regained their independence, we ought naturally to expect a more rational
and humane system will take place; but this is a mere hope, and the
present occurrences are far from justifying it. We hear much of the
guilt of the fallen party, and little of remedying its effects--much of
punishment, and little of reform; and the people are excited to
vengeance, without being permitted to claim redress. In the meanwhile,
fearful of trusting to the cold preference which they owe to a superior
abhorrence of their adversaries, the Convention have ordered their
colleagues on mission to glean the few arms still remaining in the hands
of the National Guard, and to arrest all who may be suspected of
connection with the adverse party.--Dumont has performed this service
here very diligently; and, by way of supererogation, has sent the
Commandant of Amiens to the Bicetre, his wife, who was ill, to the
hospital, and two young children to this place.

As usual, these proceedings excite secret murmurs, but are nevertheless
yielded to with perfect submission.

One can never, on these occasions, cease admiring the endurance of the
French character. In other countries, at every change of party, the
people are flattered with the prospect of advantage, or conciliated by
indulgences; but here they gain nothing by change, except an accumulation
of oppression--and the success of a new party is always the harbinger of
some new tyranny. While the fall of Hebert is proclaimed as the triumph
of freedom, all the citizens are disarmed by way of collateral security;
and at the instant he is accused by the Convention of atheism and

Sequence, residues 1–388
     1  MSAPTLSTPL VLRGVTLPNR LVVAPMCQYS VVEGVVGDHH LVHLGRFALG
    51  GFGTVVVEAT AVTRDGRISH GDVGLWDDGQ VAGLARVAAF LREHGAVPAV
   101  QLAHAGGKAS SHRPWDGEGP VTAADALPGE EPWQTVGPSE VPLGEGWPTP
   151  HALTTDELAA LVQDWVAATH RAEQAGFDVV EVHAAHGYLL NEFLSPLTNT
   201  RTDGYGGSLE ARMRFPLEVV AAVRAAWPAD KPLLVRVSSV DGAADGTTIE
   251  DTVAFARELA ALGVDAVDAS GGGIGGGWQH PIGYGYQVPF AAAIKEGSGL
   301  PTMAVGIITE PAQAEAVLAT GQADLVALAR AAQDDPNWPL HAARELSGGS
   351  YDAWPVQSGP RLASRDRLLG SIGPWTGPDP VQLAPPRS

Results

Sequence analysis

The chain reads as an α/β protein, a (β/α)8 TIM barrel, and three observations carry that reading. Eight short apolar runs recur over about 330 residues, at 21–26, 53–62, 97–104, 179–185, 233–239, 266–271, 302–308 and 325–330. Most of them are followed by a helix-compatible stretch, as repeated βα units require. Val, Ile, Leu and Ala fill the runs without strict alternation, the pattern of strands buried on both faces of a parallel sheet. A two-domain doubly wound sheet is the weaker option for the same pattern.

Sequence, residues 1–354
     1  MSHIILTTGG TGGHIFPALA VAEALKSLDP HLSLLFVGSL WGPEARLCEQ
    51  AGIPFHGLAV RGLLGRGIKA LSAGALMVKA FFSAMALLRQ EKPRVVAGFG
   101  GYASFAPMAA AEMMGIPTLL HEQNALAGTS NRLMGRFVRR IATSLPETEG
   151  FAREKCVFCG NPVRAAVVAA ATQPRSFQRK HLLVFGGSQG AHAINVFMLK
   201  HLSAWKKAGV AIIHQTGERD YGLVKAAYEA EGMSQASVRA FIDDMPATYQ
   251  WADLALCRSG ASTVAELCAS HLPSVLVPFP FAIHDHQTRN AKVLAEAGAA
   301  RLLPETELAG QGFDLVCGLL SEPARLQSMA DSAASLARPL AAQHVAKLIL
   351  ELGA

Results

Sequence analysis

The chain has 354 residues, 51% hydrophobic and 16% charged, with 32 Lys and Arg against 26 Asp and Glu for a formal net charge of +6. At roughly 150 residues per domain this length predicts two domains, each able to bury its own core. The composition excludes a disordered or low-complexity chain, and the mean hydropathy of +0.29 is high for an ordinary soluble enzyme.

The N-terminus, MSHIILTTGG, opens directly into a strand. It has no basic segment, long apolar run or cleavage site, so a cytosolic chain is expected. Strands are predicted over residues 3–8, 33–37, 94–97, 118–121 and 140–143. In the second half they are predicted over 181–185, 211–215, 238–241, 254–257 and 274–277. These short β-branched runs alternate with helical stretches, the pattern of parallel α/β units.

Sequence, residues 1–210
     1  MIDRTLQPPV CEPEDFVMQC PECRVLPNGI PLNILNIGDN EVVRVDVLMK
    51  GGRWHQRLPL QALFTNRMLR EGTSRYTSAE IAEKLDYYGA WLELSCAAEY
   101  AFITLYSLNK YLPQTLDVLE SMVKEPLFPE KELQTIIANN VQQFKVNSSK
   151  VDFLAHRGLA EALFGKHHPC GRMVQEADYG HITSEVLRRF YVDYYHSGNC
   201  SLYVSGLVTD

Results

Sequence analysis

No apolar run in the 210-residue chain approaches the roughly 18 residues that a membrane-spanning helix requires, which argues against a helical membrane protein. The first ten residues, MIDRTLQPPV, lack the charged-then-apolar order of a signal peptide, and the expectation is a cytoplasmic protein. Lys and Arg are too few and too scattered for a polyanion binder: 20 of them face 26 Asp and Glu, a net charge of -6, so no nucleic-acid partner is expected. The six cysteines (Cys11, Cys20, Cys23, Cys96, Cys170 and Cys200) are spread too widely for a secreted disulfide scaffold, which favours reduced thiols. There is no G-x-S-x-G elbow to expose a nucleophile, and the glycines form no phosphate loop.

immorality,* a militant police is sent forth to devastate the churches,
and punish those who are detected in observing the Sabbath--_"mais plutot
souffrir que mourir, c'est la devise des Francois."_ ["To suffer rather
than die is the motto of Frenchmen."]

* It is remarkable, that the persecution of religion was never more
violent than at the time when the Convention were anathematizing
Hebert and his party for athiesm.

--Brissot and his companions died singing a paraphrase of my quotation:

_"Plutot la mort que l'esclavage,
"C'est la devise des Francois."_
["Death before slavery, is the Frenchman's motto."]

--Let those who reflect on what France has submitted to under them and
their successors decide, whether the original be not more apposite.

I hope the act of accusation against Chabot has been published in
England, for the benefit of your English patriots: I do not mean by way
of warning, but example. It appears, that the said Chabot, and four or
five of his colleagues in the Convention, had been bribed to serve a
stock-jobbing business at a stipulated sum,* and that the money was to be
divided amongst them.

* Chabot, Fabre d'Eglantine, (author of "l'Intrigue Epistolaire,"
and several other admired dramatic pieces,) Delaunay d'Angers,
Julien de Toulouse, and Bazire, were bribed to procure the passing
certain decrees, tending to enrich particular people, by defrauding
the East India Company.--Delaunay and Julien (both re-elected into
the present Assembly) escaped by flight, the rest were guillotined.